By Benjamin Russell Wollmuth (Sibley, IA)

 

Here it is, folks… the third movie in a trilogy that no one saw coming. A trilogy written and directed by M. Night Shyamalan, a man of many talents, who has had some hits and some misses. Some very large misses. But that doesn’t go without saying that this man has major skills, from both the writing and directing stand-points. Since Unbreakable was a movie that I really liked and Split was a surprisingly good movie that surprisingly tied into Unbreakable, it’s no surprise that I was looking forward to Glass. Wow, I used surprise way too much in that sentence. I was hyped for this movie. Now, listen kids. Riding the hype train is risky business. Sometimes you will end up like David Dunn, completely unbroken and unphased (which is a good thing). Other times, you’ll just end up like the rest of the passengers on David’s train… dead, but on the inside.

So, is Glass any good? Or did Manoj Night Shyamalan once again let his fans down? The verdict is… it’s okay. It’s not the best Shyamalan film, and is most definitely the worst in his superhero trilogy. But, this movie is not a total train wreck. There is a lot to love. All of the actors in this movie do an amazing job. Even Bruce Willis, who has been known for not really putting a lot into the movies he’s been starring in. In this movie, it really feels like Bruce enjoys playing the character of David Dunn. James McAvoy does an amazing job, once again, as Kevin Wendell Crumb and his other personalities. Samuel L. Jackson is still terrifying as Mr. Glass. Sarah Paulson was pretty good, too. Shyamalan does a great job writing and directing. You can tell that he loves this movie and that he wanted to do a lot with it.

This movie follows Unbreakable’s traits of not being a typical superhero movie, which is sort of a relief in this day and age. It includes scenes from Unbreakable, including a deleted scene from the 2000 movie that was included in this one. It also takes some horror elements from Split. So, there is a nice mixture here. I am glad this wasn’t a full-on action movie, too. It kept the same feel as Unbreakable. There was action at the end, which was fun to see since we hadn’t really been able to see David Dunn’s powers in action before. Yet, it wasn’t full blown action. This is a character piece, just like Unbreakable and Split.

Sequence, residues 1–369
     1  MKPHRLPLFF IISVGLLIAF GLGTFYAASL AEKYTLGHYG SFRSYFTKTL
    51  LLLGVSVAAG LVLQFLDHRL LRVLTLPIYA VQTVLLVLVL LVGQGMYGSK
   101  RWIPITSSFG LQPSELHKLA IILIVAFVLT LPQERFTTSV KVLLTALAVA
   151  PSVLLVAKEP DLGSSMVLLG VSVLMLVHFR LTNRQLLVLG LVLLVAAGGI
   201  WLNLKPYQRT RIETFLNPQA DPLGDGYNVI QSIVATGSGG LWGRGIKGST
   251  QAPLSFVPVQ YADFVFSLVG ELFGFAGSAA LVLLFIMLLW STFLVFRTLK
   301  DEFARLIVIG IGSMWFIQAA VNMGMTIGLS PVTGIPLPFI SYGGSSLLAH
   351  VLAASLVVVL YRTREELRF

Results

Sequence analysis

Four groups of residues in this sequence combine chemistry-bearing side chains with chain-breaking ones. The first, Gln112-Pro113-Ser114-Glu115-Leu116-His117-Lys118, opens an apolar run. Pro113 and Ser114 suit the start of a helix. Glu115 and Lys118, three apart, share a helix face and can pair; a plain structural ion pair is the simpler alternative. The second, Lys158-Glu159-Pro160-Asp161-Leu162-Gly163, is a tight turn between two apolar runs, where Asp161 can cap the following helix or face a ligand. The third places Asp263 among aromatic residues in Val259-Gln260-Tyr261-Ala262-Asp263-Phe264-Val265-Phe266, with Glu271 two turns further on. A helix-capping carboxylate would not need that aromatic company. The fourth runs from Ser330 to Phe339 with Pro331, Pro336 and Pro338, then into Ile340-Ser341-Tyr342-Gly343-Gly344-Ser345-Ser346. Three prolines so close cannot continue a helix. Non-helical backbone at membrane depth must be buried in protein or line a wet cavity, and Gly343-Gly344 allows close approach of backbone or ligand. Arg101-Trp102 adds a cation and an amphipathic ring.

The problems I have with the film come from the fact that while this movie is titled Glass, Mr. Glass (Elijah Price) and David Dunn almost feel sidelined. This feels more like a movie for Kevin, or the Horde, which is disappointing because this was advertised as an Unbreakable sequel. It still is, yet it doesn’t feel like a good ending to complete the trilogy. Shyamalan wanted to conclude Dunn’s, Kevin’s, and Price’s stories all in one movie, and it just felt like too much sometimes. I won’t get into spoilers, but a lot of the events that happen in the end just didn’t do it for me. I did think, however, that the main big twist was smart.

This is a smart movie; don’t get me wrong. Shyamalan is a great writer with many ideas. Sadly, he has many ideas that he likes to throw into one movie, which doesn’t always work. This is not a bad movie at all. It just feels like he had so many things he wanted to do, but couldn’t decide which ones to cut… so he didn’t cut any. This movie was disappointing, but is not terrible at all. While it might not be the Unbreakable sequel I wanted, it is still a decent movie none the less.

Rating: 4/5

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